"'This policy establishes a presumption that the Federal Bureau of Investigation (FBI), the Drug Enforcement Administration (DEA), the Bureau of Alcohol, Tobacco, Firearms and Explosives (ATF) and the United States Marshals Service (USMS) will electronically record statements made by individuals in their custody,' says the memo from James M. Cole, deputy attorney general, to all federal prosecutors and criminal chiefs.

"'This policy also encourages agents and prosecutors to consider electronic recording in investigative or other circumstances where the presumption does not apply,'' such as in the questioning of witnesses."


Ryan J. Reilly / Huffington Post
White House Vows Defense Bill Veto Over Gitmo -- Huffington Post
"Obama vowed to close the prison in his first inaugural address, and signed an executive order soon afterward ordering it closed within a year. But Congress intervened, repeatedly passing laws that forbid the White House from transferring detainees, or spending money to do so.

"Obama has objected to the restrictions every year since since, and has repeatedly threatened to veto the defense bill, but never did. The administration made a similar threat earlier this week, saying Obama's senior advisers would recommend that he veto the NDAA if the Gitmo restrictions remain.

"The White House took that a step farther Wednesday evening, with spokesman Jay Carney issuing an unequivocal promise soon after Rep. Adam Smith (D-Wash.) offered an amendment in House floor debate to close the facility, which he said costs about $2.7 million per year for each of the 154 inmates who remain there."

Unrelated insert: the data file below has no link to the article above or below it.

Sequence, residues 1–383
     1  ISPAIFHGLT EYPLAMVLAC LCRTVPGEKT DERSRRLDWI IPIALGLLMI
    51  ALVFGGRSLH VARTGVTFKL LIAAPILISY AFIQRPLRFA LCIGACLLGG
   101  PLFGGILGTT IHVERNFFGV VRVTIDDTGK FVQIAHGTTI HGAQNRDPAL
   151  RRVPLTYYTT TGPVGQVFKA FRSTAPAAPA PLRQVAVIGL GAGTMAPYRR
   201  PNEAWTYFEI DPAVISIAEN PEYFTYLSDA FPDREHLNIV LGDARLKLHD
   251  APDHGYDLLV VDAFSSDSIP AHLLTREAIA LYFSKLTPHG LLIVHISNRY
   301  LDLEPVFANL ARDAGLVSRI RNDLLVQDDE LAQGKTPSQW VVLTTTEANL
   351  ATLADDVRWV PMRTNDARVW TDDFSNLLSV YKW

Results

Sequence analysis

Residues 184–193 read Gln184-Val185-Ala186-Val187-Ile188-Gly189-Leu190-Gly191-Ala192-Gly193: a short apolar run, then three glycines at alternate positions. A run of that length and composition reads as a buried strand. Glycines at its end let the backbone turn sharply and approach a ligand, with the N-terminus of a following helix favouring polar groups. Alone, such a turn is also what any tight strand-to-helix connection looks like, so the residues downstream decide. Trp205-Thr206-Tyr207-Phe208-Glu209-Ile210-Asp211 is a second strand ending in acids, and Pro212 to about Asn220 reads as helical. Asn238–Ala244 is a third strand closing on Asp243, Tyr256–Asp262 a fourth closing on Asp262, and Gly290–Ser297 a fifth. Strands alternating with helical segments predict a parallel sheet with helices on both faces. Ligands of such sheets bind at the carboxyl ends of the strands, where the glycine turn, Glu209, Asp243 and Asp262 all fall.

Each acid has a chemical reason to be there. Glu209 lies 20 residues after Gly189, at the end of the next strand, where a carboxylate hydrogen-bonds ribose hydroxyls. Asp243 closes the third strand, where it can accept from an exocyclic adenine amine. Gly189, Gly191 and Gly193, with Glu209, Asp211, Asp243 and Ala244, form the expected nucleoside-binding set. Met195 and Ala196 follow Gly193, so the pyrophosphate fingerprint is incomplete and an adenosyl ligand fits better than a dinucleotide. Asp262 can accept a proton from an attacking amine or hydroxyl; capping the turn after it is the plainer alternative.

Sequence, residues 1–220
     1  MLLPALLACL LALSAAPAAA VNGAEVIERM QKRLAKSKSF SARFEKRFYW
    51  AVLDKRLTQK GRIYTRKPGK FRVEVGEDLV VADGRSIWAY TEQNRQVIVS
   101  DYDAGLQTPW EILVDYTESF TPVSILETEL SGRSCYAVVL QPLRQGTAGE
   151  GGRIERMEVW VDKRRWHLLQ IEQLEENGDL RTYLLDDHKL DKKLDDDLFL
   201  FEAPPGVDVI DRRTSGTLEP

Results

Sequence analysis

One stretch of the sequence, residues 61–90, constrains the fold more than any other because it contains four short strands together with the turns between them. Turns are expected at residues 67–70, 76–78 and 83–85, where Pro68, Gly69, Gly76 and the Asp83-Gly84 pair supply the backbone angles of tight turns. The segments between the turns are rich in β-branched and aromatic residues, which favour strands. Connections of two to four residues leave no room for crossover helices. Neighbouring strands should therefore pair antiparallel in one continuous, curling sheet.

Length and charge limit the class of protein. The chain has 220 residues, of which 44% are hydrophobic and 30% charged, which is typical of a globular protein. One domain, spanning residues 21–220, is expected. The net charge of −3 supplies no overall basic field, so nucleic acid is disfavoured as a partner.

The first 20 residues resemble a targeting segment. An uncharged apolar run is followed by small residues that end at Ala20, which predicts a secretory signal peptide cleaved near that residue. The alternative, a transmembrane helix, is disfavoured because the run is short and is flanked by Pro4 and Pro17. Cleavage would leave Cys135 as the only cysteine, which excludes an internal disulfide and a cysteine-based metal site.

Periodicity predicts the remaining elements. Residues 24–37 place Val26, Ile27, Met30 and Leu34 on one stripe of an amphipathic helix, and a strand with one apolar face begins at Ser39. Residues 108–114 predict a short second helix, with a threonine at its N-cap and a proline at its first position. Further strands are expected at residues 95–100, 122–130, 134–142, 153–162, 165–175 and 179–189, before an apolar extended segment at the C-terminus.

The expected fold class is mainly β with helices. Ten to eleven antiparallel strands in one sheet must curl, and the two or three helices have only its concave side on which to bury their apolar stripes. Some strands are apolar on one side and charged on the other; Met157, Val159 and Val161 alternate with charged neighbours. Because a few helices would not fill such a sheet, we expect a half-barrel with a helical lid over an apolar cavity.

Angel Valentin / New York Times
North Miami Fights to Keep Its Art Museum -- New York Times
"The museum’s board wants to leave this working-class city and merge with the Bass Museum of Art in Miami Beach, its wealthier and more glamorous neighbor. It says that North Miami has neglected the museum building and failed to support a needed expansion.

"City officials, in turn, accuse the board of secretly plotting to make off with North Miami’s cultural patrimony. 'The collection belongs to the city, and they are trying to steal it,' Mayor Lucie Tondreau said.

"The departure may not resonate on the scale of, say, the Dodgers leaving Brooklyn, but the threatened loss of the city’s only art museum to a flashier oceanside neighbor is producing a sizable dose of rancor here."


This woman wants to change how we look at our bodies -- A Plus
"Taryn Brumfitt felt insecure about her body, so she decided to do something about it. She entered a body building competition, and lost a lot of weight. However, she realized she still felt insecure, and after gaining weight back she posted a before and after photo saying that she liked her heavier self. Her photo gained 3.6 million likes. When some people berated her for promoting obesity she decided she needed to do more to spread her message that we should accept ourselves the way that we are, and now she's crowdfunding a documentary."